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I, for one, am fed up with non-stick cookware. This business of throwing out pans after a couple of years just sucks. I am on the hunt for replacements to the stuff we have been using all the time. It's fascinating to read the Amazon reviews of enamelled cast iron--particularly the Martha Stewart brand. Seems that the interior enamel chips off and gets in your food. :), unless you open your wallet for Le Creuset. I'm glad I read those reviews before partaking of a particularly excellent sale price on a smaller dutch oven. So, I went to BB&Beyond and found the perfect pan to replace my 4-qt Circulon pot that is losing its nonstick surface. Only problem? It's only sold in the sets. I even emailed Calphalon and was directed to their many outlet stores. So, a much cheaper stainless steel KitchenAid 3.5 qt pan from Overstock is enroute. It was cheap enough that I won't be horribly disappointed if it doesn't quite fit the bill. If it does, it will go in a yard sale and I will shell out for the Analon stainless steel pan which is almost an exact match for the Circulon and will fit in its spot;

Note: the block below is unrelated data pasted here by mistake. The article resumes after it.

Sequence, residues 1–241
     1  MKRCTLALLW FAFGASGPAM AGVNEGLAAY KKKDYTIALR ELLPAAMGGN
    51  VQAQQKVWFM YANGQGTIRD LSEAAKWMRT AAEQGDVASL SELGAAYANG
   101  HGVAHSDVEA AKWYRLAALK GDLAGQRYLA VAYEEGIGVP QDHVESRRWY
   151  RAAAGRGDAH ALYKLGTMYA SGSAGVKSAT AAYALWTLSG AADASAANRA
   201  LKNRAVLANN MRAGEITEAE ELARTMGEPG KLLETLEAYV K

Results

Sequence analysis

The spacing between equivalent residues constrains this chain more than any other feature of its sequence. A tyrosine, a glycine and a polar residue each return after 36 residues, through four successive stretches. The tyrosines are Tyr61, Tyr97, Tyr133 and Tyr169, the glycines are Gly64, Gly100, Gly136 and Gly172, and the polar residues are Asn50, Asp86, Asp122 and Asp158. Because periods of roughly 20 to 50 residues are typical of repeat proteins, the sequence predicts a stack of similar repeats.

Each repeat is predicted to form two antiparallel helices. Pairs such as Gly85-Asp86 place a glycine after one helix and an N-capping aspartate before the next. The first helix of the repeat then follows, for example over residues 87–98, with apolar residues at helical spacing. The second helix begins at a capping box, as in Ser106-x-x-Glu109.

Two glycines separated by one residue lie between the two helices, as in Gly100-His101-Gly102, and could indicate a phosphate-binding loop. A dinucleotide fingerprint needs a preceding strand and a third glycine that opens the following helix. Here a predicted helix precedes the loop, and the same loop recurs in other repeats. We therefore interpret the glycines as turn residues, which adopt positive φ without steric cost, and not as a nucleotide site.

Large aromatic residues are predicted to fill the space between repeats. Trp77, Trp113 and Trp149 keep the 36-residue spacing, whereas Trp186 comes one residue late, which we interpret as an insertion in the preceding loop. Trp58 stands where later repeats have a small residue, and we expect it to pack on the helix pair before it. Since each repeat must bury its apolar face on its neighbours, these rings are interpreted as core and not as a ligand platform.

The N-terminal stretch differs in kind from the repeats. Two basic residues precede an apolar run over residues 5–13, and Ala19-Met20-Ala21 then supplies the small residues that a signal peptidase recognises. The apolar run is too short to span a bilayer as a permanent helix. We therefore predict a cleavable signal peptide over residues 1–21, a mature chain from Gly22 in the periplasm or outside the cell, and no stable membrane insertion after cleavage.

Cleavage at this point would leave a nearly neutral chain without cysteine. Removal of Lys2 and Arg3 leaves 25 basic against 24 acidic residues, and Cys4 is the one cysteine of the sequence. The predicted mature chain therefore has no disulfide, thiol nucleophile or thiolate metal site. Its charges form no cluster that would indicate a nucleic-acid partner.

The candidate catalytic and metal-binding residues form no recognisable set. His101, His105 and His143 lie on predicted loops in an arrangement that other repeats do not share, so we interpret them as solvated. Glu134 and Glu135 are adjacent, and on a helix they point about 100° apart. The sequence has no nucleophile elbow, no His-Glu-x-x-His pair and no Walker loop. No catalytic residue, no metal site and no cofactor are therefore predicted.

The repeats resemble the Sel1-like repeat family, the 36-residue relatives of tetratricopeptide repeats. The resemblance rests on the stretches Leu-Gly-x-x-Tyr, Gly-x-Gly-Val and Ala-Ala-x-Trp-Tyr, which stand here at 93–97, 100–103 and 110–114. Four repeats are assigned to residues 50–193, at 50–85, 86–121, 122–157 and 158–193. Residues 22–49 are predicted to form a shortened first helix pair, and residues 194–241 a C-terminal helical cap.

There is absolutely no space in my tiny kitchen for superfluous stuff. I remembered that my mother had a horribly warped saute pan with a lid that she used all the time to cook meals for a family of five--this is before Teflon even existed. I (and Dame Edna) only need to cook for two most of the time and our range won't handle a 12" inch pan (unless there is no other in use). Why this should be so difficult, I just don't know.

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Have not tried the titanium, but have gotten over three years of several-times-a-week use with this one. It still looks and performs as good as day one:

http://www.amazon.com/gp/product/B00006FX83/ref=oss_product

Important tips for nonstick longevity include avoiding high heat. Don't heat an empty pan, use nonstick spray as protectant. Unless it's low heat with gentle cleansers, consider your dishwasher The Enemy of Coatings. If it's been a long day and you need to blow off dishes until the morning, quickly wipe down and/or put water in the nonstick cookware to further extend life.

Not sure if you are also considering the original nonstick cookware---a well-seasoned cast iron skillet. Doubles as a slapstick comedy prop, always a plus.